Outside groups are prohibited from coordinating with the party campaign committees, but they do spend their money based on the moves of the NRCC, led by Rep. Pete Sessions (above), and the DCCC, led by Rep. Steve Israel.
But despite Democrats’ apparent advantage in outside spending, a 25-seat gain does not appear within their reach. The fundamental playing field remains deeply disadvantageous to Democrats’ chances of taking back the House. No partisan wave has formed and, indeed, the broader landscape conditions are neutral: Democrats are likely poised to net only a handful of seats.
“The cement has been poured over the House battlefield,” Todd said.
Still, Democratic operatives argue that the wind is at their back.
“Democrats clearly have momentum and the House is in play,” DCCC Communications Director Jesse Ferguson wrote in a memo on Oct. 1.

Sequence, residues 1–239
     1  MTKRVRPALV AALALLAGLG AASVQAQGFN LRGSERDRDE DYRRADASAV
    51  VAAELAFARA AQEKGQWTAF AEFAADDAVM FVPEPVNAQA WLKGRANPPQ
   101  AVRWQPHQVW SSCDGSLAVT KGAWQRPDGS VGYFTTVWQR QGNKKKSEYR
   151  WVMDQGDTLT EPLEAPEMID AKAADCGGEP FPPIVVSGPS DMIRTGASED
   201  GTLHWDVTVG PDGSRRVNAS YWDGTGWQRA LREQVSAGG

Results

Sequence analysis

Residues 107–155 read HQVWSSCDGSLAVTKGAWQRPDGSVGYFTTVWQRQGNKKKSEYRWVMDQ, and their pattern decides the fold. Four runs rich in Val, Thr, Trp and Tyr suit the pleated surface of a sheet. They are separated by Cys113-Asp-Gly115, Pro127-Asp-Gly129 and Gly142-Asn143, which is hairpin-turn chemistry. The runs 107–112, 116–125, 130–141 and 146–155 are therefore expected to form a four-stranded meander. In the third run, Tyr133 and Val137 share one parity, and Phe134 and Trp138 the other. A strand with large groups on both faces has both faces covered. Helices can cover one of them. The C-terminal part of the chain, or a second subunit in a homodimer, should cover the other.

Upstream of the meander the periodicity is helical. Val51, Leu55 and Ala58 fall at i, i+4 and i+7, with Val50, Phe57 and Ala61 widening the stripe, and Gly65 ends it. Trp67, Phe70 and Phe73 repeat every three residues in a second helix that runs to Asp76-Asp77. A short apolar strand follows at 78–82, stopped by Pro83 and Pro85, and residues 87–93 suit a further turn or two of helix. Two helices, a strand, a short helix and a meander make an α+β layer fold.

But if there is wind — and that’s debatable — it is not currently at Democrats’ back at the speed they would need it to be to take back the majority. Still, there’s always the potential of some cataclysmic late-breaking event that swings the tide in Democrats’ favor.
But even that prospect doesn’t faze Republicans.
“I’d like to know what the last October surprise was that made a difference” in the House landscape, said influential Republican pollster Glen Bolger. “By this point in other major shift cycles like ’06 and ’10, everybody knew what was going to happen, it was just a question of what was the size. I think it’s a little late for that to be happening.”
Vice President Joe Biden waits to conduct a mock swearing-in ceremony with Sen. Brian Schatz, D-Hawaii, in the Capitol's Old Senate Chamber, December 2, 2014. Schatz was sworn in to serve the remainder of his term since he was appointed to the seat after Sen. Daniel Inouye, D-Hawaii, passed away.